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I was wondering if there is generic inheritance in python.

For example,

Class A(object):
  def foo():

Class B(object):
  def foo():

Class C(<someParentClass>):
  def bar():

so effectively, I would like to do something like

  myClass1 = C()<A>
  myClass2 = C()<B>

Im guessing this is not possible in python, but is there any other way to have a similar effect?

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Python doesn't even have generics. Generics only make sense when there are static types and you don't want to write the same code for several types. Python code always accepts any objects (although it can and will error later if the given objects aren't usable). What are you really trying to do? –  delnan Jun 11 '11 at 12:35
Sounds like you should read about "mix-in" classes: en.wikipedia.org/wiki/Mixin –  Jim Dennis Jun 11 '11 at 12:53

2 Answers 2

up vote 8 down vote accepted

There's nothing preventing it. Everything in Python is essentially generic. Everything is runtime, including class statements, so you can do something like:

def make_C(parent):
    class C(parent):
        def bar(self):
    return C

myClass1 = make_C(A)
myClass2 = make_C(B)

If you want the C class to be a little more descriptive in name or documentation, you can assign the __name__ and __doc__ attributes, or use the three-argument form of type() instead of the class statement to create it.

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Note, though, while nothing prevents a person from doing something like this, it isn't normal practice for Python. There are better, clearer, more Pythonic solutions to this issue. Generics are really a solution to a problem that doesn't exist in Python. Consider that in Python you can test your objects for the "foo" function easily and call it with the expected arguments regardless of parent classes. –  yam655 Jun 11 '11 at 20:24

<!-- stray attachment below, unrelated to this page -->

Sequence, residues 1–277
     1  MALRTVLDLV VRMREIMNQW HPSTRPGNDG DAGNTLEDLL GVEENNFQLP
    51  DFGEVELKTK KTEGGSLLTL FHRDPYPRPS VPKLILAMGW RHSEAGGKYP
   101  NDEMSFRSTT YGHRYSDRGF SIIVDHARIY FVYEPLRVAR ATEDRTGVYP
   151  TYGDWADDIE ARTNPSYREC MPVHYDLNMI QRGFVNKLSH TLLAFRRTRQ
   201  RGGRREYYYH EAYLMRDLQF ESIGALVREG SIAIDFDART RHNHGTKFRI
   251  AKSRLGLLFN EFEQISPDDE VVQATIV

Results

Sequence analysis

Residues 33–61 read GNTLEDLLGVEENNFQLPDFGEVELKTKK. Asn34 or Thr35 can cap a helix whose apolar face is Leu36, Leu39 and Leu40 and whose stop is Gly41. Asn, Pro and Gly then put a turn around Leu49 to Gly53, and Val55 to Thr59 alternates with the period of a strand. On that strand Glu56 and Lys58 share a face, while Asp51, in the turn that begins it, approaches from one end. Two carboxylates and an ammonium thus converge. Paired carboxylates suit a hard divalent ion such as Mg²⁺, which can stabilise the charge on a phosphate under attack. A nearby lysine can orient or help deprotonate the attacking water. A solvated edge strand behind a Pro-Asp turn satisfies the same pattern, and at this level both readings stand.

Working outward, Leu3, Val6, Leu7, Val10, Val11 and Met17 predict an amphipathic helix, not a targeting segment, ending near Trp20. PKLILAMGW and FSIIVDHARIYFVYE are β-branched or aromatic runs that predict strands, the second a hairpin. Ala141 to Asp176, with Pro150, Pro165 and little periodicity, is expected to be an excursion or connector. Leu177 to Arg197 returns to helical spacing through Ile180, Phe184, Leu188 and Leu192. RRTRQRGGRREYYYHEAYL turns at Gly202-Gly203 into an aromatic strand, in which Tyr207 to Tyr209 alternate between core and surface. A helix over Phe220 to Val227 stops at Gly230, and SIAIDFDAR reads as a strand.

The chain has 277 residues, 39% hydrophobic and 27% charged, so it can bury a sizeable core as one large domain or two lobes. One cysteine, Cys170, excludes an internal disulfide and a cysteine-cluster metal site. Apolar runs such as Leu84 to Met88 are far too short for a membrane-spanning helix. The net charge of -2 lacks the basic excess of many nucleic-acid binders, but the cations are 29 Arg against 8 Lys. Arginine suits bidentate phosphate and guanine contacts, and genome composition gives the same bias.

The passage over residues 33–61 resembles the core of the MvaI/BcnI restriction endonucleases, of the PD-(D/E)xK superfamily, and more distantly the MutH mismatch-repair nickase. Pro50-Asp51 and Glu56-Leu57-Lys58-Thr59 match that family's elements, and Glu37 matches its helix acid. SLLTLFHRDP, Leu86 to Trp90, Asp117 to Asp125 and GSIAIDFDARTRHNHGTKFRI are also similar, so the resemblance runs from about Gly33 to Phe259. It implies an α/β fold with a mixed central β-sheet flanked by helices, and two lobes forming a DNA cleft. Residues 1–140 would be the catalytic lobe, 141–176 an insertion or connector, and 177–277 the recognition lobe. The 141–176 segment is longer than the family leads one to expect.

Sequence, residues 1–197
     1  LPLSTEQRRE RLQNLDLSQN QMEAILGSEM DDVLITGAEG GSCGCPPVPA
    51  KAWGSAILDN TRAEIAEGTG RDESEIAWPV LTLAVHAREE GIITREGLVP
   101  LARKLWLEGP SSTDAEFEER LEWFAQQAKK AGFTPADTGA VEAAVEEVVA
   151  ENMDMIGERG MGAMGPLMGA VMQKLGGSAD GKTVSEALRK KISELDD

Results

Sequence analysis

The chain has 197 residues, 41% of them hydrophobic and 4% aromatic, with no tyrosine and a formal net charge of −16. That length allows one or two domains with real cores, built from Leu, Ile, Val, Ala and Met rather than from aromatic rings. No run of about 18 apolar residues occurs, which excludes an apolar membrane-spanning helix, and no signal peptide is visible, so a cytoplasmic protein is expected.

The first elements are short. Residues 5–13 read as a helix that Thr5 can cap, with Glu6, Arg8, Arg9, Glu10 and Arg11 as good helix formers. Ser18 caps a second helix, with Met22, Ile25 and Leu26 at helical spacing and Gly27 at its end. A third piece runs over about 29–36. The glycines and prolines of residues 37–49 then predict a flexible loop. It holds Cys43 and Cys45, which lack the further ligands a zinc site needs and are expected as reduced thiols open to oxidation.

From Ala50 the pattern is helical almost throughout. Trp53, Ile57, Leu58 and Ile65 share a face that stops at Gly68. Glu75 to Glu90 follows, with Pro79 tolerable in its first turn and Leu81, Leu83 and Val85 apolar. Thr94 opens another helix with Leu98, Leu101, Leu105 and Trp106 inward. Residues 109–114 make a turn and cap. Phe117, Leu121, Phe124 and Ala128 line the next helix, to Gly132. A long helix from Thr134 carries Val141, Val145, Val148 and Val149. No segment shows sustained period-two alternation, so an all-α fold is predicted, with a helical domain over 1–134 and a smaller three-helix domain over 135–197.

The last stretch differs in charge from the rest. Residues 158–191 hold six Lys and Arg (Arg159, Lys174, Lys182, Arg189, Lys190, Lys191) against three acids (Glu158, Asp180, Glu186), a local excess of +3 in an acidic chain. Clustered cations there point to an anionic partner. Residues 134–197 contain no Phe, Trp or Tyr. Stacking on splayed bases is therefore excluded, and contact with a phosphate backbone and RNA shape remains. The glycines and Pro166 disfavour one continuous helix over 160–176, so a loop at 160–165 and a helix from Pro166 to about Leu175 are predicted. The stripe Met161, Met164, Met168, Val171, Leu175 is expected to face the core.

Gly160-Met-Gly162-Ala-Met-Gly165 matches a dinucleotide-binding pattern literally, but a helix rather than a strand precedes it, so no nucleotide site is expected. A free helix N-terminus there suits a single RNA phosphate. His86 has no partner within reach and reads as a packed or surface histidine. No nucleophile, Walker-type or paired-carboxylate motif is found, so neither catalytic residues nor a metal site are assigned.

I agree that generics are not a meaningful thing in Python, but creating a class in a function like this does have its uses. It's just a solution to a different kind of problem :) –  Thomas Wouters Jun 11 '11 at 20:27

You could derive C from object and use

class MyClass1(A, C):
class MyClass2(B, C):

There are many ways achieving the exact effect you described, but I think defining C as a mix-in class is the most idiomatic approach.

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If the intent is for C to specialize A and B, you should inherit from C first (or it won't be able to override methods defined in A or B. –  Thomas Wouters Jun 11 '11 at 12:34
@Thomas: I interpreted the OP's intent in the way that C extends A and B. In his example, it does not overwrite any methods. –  Sven Marnach Jun 11 '11 at 12:39
Yes, so did I. And I'm saying "you should inherit from C, or you will get different behaviour". If C extends A and B, it should come before A and B in the hierarchy. –  Thomas Wouters Jun 11 '11 at 12:40
@Thomas: Depends on the semantics you want. I tend to put the actual base class first and the mix-ins later. I usually don't want mix-ins to overwrite methods, and I definitely want the derived class to use the metaclass of the actual base class, not the one of some mix-in. –  Sven Marnach Jun 11 '11 at 12:59
But if C is a mixin, it's not a subclass. It's different behaviour than the OP seems to want. It's not extending A or B. As for the metaclass, that's not how it works. The metaclass is determined by all the baseclasses; the most specialized metaclass is used (with a specialcase for classic classes, which always lose to a new-style class.) If the baseclasses have conflicting metaclasses (not counting classic classes), it'll be an error. –  Thomas Wouters Jun 11 '11 at 13:39

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